The manufacturer will further develop the already high-efficiency Celera 500L aircraft, and a zero-emission version of the unusually shaped model will be available within seven years.
American private company Otto Aviation has been secretly developing its special product, the Celera 500L, for a long time, and it was only up to the pilots of other aircraft to leak a few photos of it before it was unveiled in August this year. The six-person type stands out from its rivals with its unusual shape, elongated drop-shaped fuselage, and non-arrowed wings. Even more interesting, however, is that the machine’s twelve-cylinder, 550-horsepower RED A03 engine is a fraction of the appetite of the power of similarly heavy-duty machines, at just 10-11 liters per hour. This dragon structure is due to its design that reduces turbulent flows and makes maximum use of laminar flow. Based on an article by Ainonline, Otto Aviation announced at the ICAO Green Innovation Online Conference that a zero-emission version of the Celera 500L will be made with battery or hydrogen cell technology. The company expects to issue a certificate of airworthiness from the U.S. Federal Aviation Administration (FAA) for the conventional-powered version, which is already being tested, by 2025 at the latest, followed by an environmentally friendly – and even cheaper – version by 2027.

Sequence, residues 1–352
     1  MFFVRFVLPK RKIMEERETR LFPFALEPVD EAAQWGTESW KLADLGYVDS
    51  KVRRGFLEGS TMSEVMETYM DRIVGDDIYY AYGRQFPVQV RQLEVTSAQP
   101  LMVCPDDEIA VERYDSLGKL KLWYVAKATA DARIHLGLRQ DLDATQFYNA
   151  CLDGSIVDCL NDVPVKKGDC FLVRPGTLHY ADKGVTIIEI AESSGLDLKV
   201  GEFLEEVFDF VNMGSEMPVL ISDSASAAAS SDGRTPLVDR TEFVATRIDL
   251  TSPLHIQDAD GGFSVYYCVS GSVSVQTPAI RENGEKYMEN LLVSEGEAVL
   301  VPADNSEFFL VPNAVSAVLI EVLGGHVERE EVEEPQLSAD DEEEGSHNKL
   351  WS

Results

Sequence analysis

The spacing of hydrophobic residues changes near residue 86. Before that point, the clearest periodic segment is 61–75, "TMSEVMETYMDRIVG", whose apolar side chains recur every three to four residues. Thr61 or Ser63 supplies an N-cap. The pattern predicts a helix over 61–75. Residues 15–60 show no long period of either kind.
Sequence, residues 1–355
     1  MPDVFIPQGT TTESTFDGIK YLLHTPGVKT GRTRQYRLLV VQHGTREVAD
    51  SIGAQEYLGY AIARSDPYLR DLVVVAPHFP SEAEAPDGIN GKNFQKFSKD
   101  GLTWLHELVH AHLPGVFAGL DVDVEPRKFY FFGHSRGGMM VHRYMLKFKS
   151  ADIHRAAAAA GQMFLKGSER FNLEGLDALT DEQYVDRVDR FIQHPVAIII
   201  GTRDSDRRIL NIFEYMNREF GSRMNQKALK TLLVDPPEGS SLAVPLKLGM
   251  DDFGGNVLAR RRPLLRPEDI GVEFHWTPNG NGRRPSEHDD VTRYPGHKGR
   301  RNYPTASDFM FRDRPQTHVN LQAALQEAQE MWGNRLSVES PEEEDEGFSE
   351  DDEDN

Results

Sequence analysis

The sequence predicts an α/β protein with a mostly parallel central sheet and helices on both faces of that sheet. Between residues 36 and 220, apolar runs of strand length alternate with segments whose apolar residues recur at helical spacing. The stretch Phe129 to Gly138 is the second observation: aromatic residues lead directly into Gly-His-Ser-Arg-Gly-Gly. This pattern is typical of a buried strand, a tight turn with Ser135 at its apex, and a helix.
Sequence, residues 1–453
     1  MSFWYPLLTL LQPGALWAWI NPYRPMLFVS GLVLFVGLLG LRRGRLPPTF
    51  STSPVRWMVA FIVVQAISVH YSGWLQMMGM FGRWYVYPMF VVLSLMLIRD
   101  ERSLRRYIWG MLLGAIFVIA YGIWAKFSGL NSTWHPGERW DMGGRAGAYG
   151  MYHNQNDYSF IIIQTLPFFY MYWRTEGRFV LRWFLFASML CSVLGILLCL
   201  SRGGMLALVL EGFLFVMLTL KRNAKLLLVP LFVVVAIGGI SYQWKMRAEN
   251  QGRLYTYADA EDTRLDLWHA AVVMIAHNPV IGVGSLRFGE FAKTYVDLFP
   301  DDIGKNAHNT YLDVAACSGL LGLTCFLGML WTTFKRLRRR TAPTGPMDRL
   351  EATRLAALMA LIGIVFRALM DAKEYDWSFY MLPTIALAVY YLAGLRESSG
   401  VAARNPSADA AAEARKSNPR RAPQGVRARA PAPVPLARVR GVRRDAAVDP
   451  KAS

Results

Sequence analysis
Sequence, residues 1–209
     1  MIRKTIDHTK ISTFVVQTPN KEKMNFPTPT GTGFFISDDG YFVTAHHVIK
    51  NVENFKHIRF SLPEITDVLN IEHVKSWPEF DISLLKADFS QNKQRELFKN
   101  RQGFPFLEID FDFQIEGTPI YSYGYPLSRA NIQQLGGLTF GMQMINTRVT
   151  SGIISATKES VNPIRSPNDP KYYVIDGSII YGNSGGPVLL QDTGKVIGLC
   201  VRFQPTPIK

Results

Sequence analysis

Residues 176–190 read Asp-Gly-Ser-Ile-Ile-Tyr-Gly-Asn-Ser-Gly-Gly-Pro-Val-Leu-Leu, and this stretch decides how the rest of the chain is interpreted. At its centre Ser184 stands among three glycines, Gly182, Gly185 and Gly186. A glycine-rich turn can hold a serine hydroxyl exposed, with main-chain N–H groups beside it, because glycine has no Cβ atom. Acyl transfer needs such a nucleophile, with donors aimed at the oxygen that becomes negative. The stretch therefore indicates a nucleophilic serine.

Technical Director David Bogue pointed out that from the outset, the Celera 500L was designed to be compatible with as many engines as possible until you decide which one is best. He added that battery technology is not yet there to meet the company’s expectations, but management is optimistic that developments around the world will address this. Not only are the barriers very tight, according to Otto Aviation, but most companies developing electric aircraft are of a similar opinion. Because of this, there are few projects – and they also focus more on urban aviation or smaller aircraft – that target purely electric aviation. Instead, for the time being, most manufacturers are thinking of hybrid propulsion, which, while not zeroing, could significantly reduce the impact of aviation on the environment.